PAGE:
The Liberty Theatre
The historic theater in Eunice entertained generations as a movie theater, vaudeville house, and home of Rendez-vous des Cajuns.
Billed as a “Temple of Amusement,” the Liberty Theatre in Eunice opened on July 19, 1924. For most of the one hundred years that followed, the building has been a landmark in the Cajun prairie city situated in both Acadia and St. Landry Parishes. Built for silent film screenings and vaudeville shows, the theater began its transition to a performing arts venue following a grassroots renovation in 1982 by the Society for the Preservation of Ethnic Culture in Acadian Louisiana. Since 1987 it’s been best known for hosting Rendez-vous des Cajuns, a Cajun-French hybrid of Nashville’s Grand Ole Opry and A Prairie Home Companion.
Construction on the Liberty Theatre began in 1919 but stopped during the financial crisis of 1920 and depression of 1921. Work resumed in 1924, just months before the theater’s grand opening. Eunice’s New Era newspaper predicted “the theatre will move up in the front ranks of the larger theatres of the state…take into consideration the value of such an amusement rendez-vous for a town of this size.”
Because two theaters named Liberty had previously operated in Eunice, J. Claude Keller and A. F. McGee named their joint venture the New Liberty Theatre. Its one thousand seats included a large balcony, the New Era reported, one side of it reserved for white people, and the other “for colored.” Electric lights, a “typhoon cooling” system, and restrooms for men and women were among the theater’s amenities.
In 1924 opening-day attractions at the Liberty included an Our Gang comedy for children in the morning and an afternoon screening of the melodrama Lilies of the Field. The similarly sensationalist The Eternal Three and Scars of Jealousy were among the coming attractions. With a stage measuring fifty-two feet high, forty feet wide and twenty-five feet deep, the venue also accommodated opera, musical comedies, and vaudeville shows.
The Liberty presented its first talking picture on March 3, 1929. Ten cents admission brought patrons a screening of the crime drama The Bellamy Trial plus vaudeville acts and musical performances. Generations of the Keller family operated the Liberty. By the 1950s the Keller’s children, Rosemary Herrod and J. C. Keller Jr., were co-managing the business.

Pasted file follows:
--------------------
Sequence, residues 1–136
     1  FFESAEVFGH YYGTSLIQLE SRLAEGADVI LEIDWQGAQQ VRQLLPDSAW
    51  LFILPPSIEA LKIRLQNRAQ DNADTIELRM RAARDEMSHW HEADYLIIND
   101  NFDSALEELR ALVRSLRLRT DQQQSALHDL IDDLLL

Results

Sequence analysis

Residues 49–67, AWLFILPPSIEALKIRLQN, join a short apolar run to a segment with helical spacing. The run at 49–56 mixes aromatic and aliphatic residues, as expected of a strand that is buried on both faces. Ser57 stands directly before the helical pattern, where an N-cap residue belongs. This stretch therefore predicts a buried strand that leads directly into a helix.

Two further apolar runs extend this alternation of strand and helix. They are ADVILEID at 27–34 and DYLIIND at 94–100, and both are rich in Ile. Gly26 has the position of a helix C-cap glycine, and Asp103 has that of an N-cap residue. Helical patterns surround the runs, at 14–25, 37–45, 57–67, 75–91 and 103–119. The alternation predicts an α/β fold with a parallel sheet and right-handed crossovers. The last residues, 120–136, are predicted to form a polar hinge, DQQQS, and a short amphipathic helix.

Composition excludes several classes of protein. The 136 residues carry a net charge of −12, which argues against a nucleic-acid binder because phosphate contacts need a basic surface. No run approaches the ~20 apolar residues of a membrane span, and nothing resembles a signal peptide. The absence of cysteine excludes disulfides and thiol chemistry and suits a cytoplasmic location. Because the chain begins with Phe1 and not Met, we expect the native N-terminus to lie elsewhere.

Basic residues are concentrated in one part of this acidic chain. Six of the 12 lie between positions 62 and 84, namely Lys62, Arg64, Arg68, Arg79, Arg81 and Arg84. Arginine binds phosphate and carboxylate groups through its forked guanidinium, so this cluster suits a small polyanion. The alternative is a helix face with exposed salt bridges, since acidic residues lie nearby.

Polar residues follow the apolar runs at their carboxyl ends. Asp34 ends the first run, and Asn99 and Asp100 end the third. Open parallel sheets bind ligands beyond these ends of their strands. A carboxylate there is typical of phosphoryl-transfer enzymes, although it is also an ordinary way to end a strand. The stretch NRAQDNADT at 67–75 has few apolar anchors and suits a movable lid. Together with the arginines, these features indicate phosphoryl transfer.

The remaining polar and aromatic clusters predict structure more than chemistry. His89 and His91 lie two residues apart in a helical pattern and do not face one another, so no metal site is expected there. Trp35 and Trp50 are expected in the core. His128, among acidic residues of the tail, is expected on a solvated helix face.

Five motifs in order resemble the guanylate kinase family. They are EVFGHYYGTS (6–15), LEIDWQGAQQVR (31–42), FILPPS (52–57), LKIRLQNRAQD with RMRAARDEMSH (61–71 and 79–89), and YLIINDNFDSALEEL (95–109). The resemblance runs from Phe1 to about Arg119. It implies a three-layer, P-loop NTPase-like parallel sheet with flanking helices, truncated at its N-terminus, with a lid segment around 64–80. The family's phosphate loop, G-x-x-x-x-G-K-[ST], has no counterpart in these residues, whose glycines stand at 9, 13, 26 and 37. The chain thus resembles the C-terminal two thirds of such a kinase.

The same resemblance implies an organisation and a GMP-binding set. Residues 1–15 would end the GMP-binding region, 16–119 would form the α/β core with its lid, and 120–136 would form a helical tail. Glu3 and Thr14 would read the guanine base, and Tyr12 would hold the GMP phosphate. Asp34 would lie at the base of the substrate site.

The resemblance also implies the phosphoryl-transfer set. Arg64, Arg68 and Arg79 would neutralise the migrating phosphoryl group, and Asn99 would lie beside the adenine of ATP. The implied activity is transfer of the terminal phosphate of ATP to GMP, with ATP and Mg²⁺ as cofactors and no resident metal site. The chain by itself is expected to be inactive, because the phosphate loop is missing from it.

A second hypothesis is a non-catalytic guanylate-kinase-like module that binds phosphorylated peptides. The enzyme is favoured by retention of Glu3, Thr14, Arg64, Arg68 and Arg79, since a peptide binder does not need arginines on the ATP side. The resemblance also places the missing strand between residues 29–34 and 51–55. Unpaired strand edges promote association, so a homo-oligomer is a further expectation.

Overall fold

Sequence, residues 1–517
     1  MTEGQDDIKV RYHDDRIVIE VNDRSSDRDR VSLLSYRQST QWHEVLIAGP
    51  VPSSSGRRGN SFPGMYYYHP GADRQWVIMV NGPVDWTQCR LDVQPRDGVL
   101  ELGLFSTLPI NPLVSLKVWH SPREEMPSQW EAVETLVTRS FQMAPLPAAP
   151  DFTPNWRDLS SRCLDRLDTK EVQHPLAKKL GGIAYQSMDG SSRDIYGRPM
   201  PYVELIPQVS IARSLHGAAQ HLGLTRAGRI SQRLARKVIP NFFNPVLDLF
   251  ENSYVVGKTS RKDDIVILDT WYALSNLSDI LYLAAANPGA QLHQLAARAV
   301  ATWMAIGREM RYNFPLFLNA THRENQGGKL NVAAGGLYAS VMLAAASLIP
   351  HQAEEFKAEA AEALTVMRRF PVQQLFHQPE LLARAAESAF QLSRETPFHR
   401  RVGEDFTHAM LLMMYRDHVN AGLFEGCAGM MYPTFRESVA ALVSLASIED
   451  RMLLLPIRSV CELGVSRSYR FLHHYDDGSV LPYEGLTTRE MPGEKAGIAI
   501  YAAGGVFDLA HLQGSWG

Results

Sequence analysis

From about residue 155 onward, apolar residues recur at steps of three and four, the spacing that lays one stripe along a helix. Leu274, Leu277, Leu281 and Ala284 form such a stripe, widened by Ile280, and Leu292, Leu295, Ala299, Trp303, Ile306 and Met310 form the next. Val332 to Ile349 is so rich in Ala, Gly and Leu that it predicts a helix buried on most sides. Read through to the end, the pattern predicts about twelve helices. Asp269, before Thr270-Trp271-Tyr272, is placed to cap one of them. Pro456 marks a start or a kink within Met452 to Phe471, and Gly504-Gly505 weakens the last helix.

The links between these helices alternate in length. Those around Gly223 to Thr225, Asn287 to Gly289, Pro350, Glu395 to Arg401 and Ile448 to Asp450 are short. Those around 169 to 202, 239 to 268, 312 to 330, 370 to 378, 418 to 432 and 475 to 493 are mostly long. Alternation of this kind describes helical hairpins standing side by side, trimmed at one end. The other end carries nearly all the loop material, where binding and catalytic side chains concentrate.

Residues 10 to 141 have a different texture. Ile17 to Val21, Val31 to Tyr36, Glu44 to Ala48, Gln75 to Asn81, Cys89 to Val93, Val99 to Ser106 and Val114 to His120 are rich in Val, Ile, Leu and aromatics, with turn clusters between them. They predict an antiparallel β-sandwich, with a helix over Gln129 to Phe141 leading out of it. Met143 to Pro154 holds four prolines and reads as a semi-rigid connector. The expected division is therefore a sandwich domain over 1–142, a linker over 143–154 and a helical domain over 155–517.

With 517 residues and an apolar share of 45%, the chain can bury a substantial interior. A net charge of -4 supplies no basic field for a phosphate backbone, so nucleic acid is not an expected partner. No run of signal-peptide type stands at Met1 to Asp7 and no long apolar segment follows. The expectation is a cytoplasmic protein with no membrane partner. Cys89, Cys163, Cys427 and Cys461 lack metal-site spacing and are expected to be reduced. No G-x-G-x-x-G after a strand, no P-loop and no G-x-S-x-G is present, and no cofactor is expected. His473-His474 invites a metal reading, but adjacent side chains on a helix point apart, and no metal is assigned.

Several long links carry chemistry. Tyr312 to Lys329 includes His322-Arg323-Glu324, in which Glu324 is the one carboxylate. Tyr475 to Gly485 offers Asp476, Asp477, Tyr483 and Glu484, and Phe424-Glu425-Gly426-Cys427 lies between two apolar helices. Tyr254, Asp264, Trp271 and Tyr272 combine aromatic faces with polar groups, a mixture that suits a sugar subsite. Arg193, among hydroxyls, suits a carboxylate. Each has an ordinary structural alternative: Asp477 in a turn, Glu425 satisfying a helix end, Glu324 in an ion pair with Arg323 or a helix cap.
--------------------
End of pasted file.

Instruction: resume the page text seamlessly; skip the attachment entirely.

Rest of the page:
Sharing the fate of thousands of downtown movie theaters in the 1970s and ’80s, the Liberty closed on January 3, 1982. Cajun musician and accordion maker Marc Savoy, and Eunice’s mayor, Curtis Joubert, were soon spearheaded its reopening. “We had this old empty theatre right across the street [from the mayor’s office],” Joubert recalled. “And we had all these legendary musicians around here, but all they used to do was go play overseas and then come back and put their fiddles and guitars and accordions under the bed. We came up with the idea of putting them on the [Liberty] stage.”
The City of Eunice purchased the theater in 1986. The following year saw the debut of the soon to be world-famous Rendez-vous des Cajuns. Cajun musician and historian Ann Allen Savoy booked the show’s first fifteen years of performances, usually programming a Cajun band, a zydeco or Creole band, and a humorist, cook, or craftsperson every Saturday night. Rendez-vous des Cajuns played a major role in the Cajun cultural renaissance. Barry Jean Ancelet, a professor of francophone studies and a folklorist at the University of Louisiana at Lafayette, emceed the program during its first twenty-four years. “It was a showcase, a statement about who we are,” Ancelet said.
Saturday night performances continued until 2020, when the coronavirus pandemic and a malfunctioning heating, ventilation, and air-conditioning system forced the Liberty to close. But the first year of the pandemic also saw Marc and Ann Savoy’s son, Cajun musician and recording studio owner Joel Savoy, and other concerned citizens form the Association for the Liberty Theatre of Eunice. In anticipation of the theater’s one hundredth anniversary in 2024, the nonprofit organization worked to ensure the theater’s second resurrection. In 2021 and 2022, the association obtained local funding, federal grants, private donations, and a grant from the National Trust for Historic Preservation.